Cape Town's water plans go underground
Number of boreholes soars as Cape Town eyes groundwater
This time last year, drought-stricken Cape Town was near rock bottom, the ground baked to a hard crust.
Now the ground is riddled with holes - more than 26,000 registered boreholes and wellpoints at the last count, up from just 1,500 in 2016, according to council figures.
Rather than wait for salvation from above, residents, businesses and government authorities are digging deep at an unprecedented rate to quench their thirst underground.
A year on from the Day Zero threat of water rationing, focus is shifting away from dams to relatively untapped aquifers, at a cost of between R10,000 for a wellpoint to more than R50,000 for a borehole.
The Western Cape public works department this week confirmed it has secured the water supply to 57 of its 90 key facilities - most of them in Cape Town - by sinking boreholes.
The city has earmarked groundwater extraction as a key component in its draft water strategy, which aims to find an additional 300-million litres a day in the next decade.
It wants to increase the contribution of groundwater extraction, desalination and treated wastewater to almost 25% of total supply. The strategy proposes recharging underground aquifers with treated wastewater.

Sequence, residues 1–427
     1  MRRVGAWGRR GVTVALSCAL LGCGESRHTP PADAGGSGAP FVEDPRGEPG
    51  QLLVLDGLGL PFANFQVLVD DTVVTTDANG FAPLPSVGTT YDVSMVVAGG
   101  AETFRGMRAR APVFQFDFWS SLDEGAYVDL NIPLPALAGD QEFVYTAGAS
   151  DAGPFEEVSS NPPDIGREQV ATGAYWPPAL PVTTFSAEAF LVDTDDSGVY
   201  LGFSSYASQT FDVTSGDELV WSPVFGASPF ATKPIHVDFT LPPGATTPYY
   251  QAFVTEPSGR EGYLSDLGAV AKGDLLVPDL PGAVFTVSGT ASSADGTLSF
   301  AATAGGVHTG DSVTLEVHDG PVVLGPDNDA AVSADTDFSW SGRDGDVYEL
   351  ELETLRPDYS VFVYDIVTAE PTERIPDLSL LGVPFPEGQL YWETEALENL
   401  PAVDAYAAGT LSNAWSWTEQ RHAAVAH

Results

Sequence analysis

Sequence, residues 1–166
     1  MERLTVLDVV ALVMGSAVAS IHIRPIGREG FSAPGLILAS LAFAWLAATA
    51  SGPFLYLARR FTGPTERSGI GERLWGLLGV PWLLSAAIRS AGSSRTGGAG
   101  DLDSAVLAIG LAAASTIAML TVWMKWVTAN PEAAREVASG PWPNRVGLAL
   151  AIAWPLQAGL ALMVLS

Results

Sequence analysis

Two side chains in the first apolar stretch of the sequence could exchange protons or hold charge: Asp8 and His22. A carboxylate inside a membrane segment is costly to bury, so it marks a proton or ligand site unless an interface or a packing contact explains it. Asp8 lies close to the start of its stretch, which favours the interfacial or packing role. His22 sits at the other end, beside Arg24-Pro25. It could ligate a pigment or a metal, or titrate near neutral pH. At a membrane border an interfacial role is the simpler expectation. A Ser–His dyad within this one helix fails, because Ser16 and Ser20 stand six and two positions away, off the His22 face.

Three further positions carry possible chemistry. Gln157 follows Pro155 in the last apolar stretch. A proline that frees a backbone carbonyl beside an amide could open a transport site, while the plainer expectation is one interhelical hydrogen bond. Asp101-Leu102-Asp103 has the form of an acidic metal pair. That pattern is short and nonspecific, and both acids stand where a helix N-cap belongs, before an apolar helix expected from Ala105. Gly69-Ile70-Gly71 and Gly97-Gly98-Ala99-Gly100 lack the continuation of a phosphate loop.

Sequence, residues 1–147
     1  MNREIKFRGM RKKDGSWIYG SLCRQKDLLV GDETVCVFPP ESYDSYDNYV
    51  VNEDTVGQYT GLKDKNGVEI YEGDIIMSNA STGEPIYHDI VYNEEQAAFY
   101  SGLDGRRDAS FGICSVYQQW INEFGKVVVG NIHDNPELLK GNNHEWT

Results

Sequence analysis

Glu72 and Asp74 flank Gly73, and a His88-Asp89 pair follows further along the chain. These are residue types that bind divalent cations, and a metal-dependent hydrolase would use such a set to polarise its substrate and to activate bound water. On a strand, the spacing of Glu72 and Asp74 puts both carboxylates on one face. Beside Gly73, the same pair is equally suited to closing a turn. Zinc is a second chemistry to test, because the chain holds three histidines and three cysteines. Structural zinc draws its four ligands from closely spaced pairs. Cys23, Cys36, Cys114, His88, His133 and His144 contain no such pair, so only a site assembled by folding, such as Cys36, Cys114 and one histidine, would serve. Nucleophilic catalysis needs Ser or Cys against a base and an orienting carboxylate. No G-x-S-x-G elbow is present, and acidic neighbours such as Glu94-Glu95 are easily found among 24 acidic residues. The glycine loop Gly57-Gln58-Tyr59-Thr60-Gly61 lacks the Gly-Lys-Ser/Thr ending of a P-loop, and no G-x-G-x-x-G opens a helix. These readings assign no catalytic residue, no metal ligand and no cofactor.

Borehole water is also being used to rescue parched rural towns, including Beaufort West and most recently Oudtshoorn, where the government has budgeted R91m to stop taps running dry.
But the groundwater craze has unearthed concerns about the government's ability to monitor and protect a water resource that is still relatively unknown. There are also fears - so far largely unsubstantiated - that groundwater may start drying up if too much is extracted.
This week, key water stakeholders and scientists added their voices to those already sceptical about the government's capacity to ensure sustainable groundwater extraction.Jasper Slingsby of the South African Environmental Observation Network said Cape Town was drilling in environmentally sensitive areas without knowing the potential long-term impacts."The city is still declaring an official state of disaster due to the drought as this allows them . to initiate any work they like with regard to water augmentation projects without doing an environmental impact assessment," said Slingsby.Gavin Kode, the Western Cape government's deputy director-general of public works, said: "Monitoring . indicates that groundwater levels in the Cape Flats aquifer are at natural levels and have not been significantly impacted by the current drought, nor have groundwater levels deviated from the pattern observed during the past 18 years."